Baby Boomer Wealth Transfer Set to Boost the Economic Power of Women

Estimated read time 4 min read
  • The ‘feminization of wealth’ is coming as the boomer wealth transfer boosts women’s economic power.
  • As Boomers age, their money is going to be inherited by women who are more educated and financially independent.
  • “After some period of time, 10 years, 20 years, women will own the majority of wealth in this country.”

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There’s a tectonic shift taking place in the economy as the wealthiest generation ages. 

Of all the ways the baby boomer wealth transfer is expected to reshape everything from housing to the stock market, it could have another big impact: making women a lot wealthier.

Boomers currently control about half of all the wealth in the US. As they age, that’s going to be transferred in a variety of ways to younger generations.

According to Ellevest, which focuses on wealth management and financial planning for women,  a lot of it is going to be inherited by women in a shift the firm is calling the “feminization of wealth.”

There are two forces driving the change. For one, as women live longer than men, there’s a shuffling of wealth from boomer husbands to their wives. Second, wealth is going to trickle down to a very different generation of women.

For example, women of younger generations tend to have attained a higher level of education, they marry later in life, and are thought to be more financially literate.

That transfer is expected to narrow the gender wealth gap — which is different from the gender pay gap — though it won’t help close it completely.

In total, about $84 trillion is expected to be passed down to younger generations in the Great Wealth Transfer by 2045. But in the next decade alone, about $30 trillion of that amount is expected to go to women, a Bank of America report said. That means women in America will control more of the country’s wealth than ever before. 

The generational shift is one that is expected to be amplified over time. Today, women make up a larger share of college graduates, and they are starting businesses at a faster rate than men, Ellevest’s CEO Sallie Krawcheck said in an interview with Business Insider. 

“There are different ways in which the wealth is being reallocated, all of which means that after some period of time, 10 years, 20 years, women will own the majority of wealth in this country,” Krawcheck said.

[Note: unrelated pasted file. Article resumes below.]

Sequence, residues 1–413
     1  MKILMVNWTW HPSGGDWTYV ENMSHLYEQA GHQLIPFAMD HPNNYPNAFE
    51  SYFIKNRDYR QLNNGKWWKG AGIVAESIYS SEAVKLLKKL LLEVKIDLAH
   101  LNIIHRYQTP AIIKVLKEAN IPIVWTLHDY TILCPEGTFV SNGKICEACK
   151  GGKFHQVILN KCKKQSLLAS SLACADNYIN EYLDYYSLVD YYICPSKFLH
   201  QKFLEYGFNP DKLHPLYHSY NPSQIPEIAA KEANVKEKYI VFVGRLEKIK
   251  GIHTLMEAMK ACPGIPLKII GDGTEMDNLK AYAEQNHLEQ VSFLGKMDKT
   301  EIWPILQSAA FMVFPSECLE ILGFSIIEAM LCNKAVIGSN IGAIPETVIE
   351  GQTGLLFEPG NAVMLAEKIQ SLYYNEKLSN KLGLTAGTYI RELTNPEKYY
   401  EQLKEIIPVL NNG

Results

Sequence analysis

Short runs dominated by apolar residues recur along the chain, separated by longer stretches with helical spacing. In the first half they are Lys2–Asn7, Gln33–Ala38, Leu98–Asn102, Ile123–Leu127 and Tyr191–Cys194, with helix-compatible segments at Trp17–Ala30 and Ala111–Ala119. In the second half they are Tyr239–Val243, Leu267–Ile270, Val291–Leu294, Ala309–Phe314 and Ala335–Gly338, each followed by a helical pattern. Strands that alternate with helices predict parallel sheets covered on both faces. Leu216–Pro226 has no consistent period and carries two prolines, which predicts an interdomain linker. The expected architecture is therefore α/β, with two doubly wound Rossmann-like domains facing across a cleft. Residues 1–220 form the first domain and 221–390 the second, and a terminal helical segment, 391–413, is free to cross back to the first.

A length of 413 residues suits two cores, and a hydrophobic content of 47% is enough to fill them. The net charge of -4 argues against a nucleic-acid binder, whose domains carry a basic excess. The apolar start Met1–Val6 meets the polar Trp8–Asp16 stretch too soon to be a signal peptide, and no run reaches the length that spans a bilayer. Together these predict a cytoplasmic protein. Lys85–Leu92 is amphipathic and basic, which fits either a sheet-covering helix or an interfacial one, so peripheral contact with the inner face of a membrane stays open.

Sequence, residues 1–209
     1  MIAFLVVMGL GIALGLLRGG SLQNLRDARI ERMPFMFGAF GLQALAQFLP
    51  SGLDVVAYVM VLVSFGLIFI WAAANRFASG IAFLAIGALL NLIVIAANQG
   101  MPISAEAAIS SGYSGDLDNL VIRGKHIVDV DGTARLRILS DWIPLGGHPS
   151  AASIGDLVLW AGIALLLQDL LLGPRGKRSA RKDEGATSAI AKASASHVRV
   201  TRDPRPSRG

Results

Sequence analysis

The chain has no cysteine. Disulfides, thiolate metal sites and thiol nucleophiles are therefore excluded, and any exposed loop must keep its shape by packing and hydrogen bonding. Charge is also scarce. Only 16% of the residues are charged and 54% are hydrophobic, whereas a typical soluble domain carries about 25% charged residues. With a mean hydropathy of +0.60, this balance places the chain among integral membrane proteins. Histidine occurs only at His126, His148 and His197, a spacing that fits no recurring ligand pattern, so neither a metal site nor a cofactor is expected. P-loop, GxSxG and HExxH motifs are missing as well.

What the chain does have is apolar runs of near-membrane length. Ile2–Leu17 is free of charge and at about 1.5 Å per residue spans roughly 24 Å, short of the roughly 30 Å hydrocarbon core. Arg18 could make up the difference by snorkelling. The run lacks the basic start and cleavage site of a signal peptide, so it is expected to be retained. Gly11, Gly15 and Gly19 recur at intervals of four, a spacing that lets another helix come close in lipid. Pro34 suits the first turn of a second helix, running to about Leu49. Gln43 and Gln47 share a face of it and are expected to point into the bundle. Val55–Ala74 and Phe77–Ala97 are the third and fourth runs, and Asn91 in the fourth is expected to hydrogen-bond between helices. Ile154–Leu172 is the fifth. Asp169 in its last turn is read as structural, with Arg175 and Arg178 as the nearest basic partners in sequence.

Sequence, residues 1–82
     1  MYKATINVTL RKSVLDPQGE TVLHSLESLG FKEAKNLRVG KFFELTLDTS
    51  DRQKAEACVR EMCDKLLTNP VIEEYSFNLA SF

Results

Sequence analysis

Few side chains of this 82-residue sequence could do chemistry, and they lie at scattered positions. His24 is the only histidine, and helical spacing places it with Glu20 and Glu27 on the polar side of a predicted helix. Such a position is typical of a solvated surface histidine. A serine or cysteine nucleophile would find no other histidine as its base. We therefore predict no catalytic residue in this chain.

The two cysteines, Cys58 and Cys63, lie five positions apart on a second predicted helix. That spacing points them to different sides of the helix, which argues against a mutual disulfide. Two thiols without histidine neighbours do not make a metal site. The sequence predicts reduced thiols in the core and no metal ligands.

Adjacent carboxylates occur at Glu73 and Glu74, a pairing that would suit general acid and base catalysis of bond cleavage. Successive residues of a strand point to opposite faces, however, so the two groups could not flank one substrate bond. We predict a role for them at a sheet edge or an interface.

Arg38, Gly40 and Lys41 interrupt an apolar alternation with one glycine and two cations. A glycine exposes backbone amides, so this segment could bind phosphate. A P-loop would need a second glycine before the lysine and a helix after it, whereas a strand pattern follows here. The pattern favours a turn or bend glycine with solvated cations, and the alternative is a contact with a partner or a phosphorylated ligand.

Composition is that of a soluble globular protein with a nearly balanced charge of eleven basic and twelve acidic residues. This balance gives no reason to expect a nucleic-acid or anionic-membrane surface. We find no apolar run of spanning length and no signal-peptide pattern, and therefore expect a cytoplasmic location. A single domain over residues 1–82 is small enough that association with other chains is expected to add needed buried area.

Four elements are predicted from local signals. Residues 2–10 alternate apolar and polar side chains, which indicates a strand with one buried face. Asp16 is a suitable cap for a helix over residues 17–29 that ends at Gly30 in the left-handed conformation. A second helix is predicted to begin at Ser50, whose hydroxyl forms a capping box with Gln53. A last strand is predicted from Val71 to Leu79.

That has big implications for the US economy.

As of 2021, a Council on Contemporary Families study found that mothers are the primary breadwinners in a growing number of families, and they often make many of the household’s consumer spending decisions. 

“The consumer drives the majority of economic growth today,” she said. “Women consumers drive the significant majority of that.”

As women’s economic power evolves, the economy increasingly caters to their needs. 

The pandemic is a good example of the shifting dynamic, Tracy Bell, director of equity investment strategies from First Horizon Advisors, said. Unlike the 2008 crash which impacted men more, the COVID-19 era was particularly tough for women.

One of the things that kept women out of the labor force was affordable and dependable childcare. As women control more wealth, those corners of the economy will adapt to their needs.

“Having affordable and accessible child and elder care are two areas where you may see additional work from a policy standpoint — women lobbying more for that, saying that that’s a bigger deal and that’s becoming a more important issue,” Bell said.

She added: “When women have more money within their control, they have more power. It’s just the way the world works.”

Bell said that women often think about finances and spending differently.

A Bank of America Private Bank study of wealthy Americans found that women are more likely to believe sustainable investing can have a positive impact on society, and the focus on impact could drive more money to causes that women support. 

“Invest for positive impact” ranked among the top five priorities for all generations of women except for Gen Z when it comes to deciding what to do with a lump sum amount of money, Ellevest’s survey found.


“I think the short answer is everything can change,” Ellevest’s CEO said. “That’s why we call it the feminization of wealth.”